My father is sick feel there is nothing I can do being 12,600 km away. He has been unwell for a while but there hasn’t been any rush until this past weekend and today.
I called on Saturday morning and talked to him. He sounded fine but talking about the pain he is in but still able to talk and keep things light. He cut the grass that day and went to work for most of the week except for Friday. Him taking a day off is weird – he never does that. It sounded like he was fine until I talked to my mother. His legs and eyes are swollen. He hasn’t peed in a long time but drinks a lot of water, juice and still a lot of beer. My mom fears his kidneys are shutting down but doesn’t know.
Their doctor retired a few weeks ago. In Ontario, according to my mom, they can’t do anything without a doctor. There has been a doctor shortage for a long time but never knew the meaning or extent of it. The doctor is the pathway into the health system without one there is no way to access the services, be put on wait lists and get the basic care needed.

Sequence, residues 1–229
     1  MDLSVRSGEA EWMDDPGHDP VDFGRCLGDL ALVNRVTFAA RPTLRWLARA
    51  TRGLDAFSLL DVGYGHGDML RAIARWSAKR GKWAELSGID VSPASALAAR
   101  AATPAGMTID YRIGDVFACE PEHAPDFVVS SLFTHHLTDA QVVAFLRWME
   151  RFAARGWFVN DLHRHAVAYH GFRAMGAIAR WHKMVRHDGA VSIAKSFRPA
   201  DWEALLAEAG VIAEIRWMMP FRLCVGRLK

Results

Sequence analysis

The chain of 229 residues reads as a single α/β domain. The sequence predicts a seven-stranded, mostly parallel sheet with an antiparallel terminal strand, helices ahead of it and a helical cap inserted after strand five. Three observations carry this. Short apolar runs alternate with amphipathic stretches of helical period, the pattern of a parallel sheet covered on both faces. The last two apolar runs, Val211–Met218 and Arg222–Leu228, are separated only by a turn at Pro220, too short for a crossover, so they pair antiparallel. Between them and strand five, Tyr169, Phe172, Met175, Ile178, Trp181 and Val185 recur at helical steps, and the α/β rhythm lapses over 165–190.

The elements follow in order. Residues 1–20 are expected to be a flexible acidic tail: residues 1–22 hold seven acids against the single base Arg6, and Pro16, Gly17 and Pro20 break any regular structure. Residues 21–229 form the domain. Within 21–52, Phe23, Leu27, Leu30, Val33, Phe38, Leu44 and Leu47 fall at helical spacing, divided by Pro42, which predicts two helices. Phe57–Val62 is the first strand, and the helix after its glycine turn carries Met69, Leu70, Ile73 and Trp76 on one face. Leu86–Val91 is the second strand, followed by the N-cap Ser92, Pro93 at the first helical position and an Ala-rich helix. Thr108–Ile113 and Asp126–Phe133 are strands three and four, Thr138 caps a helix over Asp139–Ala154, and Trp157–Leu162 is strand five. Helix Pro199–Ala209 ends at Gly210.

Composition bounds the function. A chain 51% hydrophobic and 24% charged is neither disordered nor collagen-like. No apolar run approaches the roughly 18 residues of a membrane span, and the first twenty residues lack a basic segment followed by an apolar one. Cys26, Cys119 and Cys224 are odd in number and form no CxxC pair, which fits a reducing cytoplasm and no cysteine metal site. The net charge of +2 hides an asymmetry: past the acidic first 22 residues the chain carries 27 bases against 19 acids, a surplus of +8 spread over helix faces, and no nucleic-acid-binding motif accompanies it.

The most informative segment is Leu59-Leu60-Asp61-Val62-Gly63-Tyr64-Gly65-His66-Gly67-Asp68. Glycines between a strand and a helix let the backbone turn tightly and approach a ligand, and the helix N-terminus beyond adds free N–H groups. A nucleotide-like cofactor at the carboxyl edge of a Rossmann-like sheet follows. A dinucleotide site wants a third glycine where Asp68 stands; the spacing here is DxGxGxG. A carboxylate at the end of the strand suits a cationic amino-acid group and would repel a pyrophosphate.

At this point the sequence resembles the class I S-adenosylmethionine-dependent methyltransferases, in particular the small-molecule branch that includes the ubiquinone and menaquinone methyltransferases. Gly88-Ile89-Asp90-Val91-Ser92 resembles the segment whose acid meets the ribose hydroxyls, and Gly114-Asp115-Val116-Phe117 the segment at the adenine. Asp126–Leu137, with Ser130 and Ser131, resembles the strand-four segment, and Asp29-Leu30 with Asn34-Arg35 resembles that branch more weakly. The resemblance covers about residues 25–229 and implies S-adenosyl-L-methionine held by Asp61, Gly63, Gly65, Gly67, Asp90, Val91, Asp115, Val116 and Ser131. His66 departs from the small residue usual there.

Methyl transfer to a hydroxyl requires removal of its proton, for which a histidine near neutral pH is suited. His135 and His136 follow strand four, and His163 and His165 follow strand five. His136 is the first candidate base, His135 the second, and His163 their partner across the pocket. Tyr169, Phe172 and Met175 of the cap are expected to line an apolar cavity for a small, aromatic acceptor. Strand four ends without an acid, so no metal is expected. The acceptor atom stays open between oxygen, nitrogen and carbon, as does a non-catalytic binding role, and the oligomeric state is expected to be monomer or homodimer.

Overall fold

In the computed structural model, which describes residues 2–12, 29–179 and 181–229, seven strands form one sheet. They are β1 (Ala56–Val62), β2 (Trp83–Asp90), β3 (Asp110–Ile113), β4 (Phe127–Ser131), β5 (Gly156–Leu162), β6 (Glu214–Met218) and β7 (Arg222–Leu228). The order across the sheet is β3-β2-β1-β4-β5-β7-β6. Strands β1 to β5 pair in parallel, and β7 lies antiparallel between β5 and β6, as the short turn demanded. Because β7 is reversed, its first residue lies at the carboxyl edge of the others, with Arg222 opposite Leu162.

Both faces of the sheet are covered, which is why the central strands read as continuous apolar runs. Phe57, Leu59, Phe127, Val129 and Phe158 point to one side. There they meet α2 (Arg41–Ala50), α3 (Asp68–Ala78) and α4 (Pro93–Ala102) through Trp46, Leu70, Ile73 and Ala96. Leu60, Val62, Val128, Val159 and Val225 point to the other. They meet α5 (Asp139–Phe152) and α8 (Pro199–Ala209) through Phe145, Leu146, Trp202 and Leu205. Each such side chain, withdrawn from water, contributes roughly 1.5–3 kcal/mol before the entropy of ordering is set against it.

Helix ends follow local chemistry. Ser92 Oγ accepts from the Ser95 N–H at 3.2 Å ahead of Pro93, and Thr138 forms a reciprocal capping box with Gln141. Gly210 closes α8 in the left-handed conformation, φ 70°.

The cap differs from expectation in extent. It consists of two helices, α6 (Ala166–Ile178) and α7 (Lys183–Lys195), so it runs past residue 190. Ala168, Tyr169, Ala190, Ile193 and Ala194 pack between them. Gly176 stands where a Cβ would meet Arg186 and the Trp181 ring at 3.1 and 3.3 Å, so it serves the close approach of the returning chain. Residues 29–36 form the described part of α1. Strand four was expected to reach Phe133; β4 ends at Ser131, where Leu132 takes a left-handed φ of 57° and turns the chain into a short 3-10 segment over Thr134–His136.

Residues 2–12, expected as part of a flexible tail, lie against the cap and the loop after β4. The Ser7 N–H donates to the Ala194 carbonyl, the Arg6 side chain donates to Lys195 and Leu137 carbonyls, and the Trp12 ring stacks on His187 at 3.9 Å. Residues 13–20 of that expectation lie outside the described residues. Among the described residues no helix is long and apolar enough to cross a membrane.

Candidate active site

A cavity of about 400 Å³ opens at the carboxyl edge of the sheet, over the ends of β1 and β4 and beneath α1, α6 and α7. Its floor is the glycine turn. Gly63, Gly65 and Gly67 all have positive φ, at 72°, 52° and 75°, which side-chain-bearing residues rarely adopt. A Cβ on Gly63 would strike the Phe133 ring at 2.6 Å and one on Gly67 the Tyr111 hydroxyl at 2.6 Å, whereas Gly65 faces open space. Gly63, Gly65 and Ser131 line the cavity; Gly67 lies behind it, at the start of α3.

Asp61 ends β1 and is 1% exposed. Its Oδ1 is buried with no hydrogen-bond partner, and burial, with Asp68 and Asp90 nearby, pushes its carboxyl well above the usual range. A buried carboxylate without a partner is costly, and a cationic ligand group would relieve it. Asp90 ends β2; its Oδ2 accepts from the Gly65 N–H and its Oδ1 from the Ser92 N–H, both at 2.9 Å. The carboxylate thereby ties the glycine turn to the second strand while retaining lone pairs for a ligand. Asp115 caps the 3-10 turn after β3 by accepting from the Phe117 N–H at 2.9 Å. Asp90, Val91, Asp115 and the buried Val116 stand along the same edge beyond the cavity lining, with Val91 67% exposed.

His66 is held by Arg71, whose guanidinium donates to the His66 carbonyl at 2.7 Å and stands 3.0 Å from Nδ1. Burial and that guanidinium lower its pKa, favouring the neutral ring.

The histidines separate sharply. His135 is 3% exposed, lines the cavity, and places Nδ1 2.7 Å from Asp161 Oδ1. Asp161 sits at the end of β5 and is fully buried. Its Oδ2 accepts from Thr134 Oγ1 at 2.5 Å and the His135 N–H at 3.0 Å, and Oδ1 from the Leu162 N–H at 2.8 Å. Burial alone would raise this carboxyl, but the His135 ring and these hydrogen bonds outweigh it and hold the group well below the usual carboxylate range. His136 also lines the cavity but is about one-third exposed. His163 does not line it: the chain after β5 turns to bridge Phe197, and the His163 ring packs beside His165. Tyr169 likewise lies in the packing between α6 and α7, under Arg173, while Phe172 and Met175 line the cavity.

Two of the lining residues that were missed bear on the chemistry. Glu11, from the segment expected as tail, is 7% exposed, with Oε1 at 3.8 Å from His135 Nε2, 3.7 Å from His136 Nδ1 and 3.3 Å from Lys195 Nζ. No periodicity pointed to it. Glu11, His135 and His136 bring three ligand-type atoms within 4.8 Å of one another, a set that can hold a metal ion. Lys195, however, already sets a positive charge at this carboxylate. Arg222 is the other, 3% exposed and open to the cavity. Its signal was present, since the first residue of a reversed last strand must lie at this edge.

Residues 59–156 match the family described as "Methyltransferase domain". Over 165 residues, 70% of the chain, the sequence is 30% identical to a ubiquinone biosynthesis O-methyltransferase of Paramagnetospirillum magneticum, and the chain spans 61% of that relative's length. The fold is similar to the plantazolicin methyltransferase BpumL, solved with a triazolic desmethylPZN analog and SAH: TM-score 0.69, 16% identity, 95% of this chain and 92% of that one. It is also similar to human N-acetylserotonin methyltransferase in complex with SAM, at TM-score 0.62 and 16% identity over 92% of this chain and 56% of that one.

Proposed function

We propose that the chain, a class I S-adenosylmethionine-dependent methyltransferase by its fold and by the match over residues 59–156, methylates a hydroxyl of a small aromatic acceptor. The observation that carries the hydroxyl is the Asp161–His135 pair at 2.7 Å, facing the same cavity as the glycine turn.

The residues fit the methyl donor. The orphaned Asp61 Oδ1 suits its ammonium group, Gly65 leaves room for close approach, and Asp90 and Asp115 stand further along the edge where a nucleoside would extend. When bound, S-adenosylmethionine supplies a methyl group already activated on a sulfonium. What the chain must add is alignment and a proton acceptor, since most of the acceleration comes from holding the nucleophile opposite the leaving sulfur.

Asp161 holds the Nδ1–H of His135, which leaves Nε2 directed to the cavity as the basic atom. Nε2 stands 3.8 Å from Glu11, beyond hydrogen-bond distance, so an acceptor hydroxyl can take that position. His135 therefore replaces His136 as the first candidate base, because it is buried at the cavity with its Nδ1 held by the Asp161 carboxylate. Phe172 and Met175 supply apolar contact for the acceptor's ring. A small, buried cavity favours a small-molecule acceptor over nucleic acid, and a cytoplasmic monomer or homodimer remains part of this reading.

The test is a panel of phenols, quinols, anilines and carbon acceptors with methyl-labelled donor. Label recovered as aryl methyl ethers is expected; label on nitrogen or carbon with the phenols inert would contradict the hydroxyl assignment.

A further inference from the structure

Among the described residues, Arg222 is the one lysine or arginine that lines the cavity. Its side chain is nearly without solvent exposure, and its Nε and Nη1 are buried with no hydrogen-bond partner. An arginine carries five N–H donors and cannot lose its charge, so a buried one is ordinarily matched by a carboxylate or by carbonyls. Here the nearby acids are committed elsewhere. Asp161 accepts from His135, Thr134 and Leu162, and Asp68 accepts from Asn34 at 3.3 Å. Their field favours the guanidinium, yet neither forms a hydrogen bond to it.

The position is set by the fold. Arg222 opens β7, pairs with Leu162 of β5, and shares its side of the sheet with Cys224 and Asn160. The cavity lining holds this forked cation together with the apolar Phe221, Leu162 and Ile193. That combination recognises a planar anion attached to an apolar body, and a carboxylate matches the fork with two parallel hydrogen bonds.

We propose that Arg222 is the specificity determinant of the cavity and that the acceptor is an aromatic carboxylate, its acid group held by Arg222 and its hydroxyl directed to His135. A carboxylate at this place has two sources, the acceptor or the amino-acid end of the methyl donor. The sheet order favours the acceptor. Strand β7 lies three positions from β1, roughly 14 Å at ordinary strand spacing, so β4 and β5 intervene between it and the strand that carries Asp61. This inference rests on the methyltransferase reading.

Here in Hong Kong, I can walk into any clinic and get medical attention for a few hundred (HKD) and walk out with the basic medication or a referral to see someone – either private right away or public in a few months. The costs for seeing someone privately are high but worth it in getting in and getting the right treatment in the amount of time. The public system is overworked and there are long delays but the costs for medication and treatment are relatively cheap. There is no waiting if you have money
In Ontario, my father went to the Emergency room where he waited for 4 hours. They didn’t run any tests, didn’t do an in-depth investigation but gave him cream for a severe rash and said he should see his doctor – which he doesn’t have. He goes to a walk-in clinic but they can only give him medication for a short amount of time since they are not his doctor. It continues and there is nothing that can be done.
It is so frustrating since being in Ontario, there may be more I could do by reaching out to people or being more connected with how things work in the health care system back home. My morning was talking to mom and reaching out to whom I know back home. It has become less and less over the years. There are no longer the connections I once had and it feels both frustrating and worrying.
It is the first time I wished I hadn’t come to Asia – it scares me.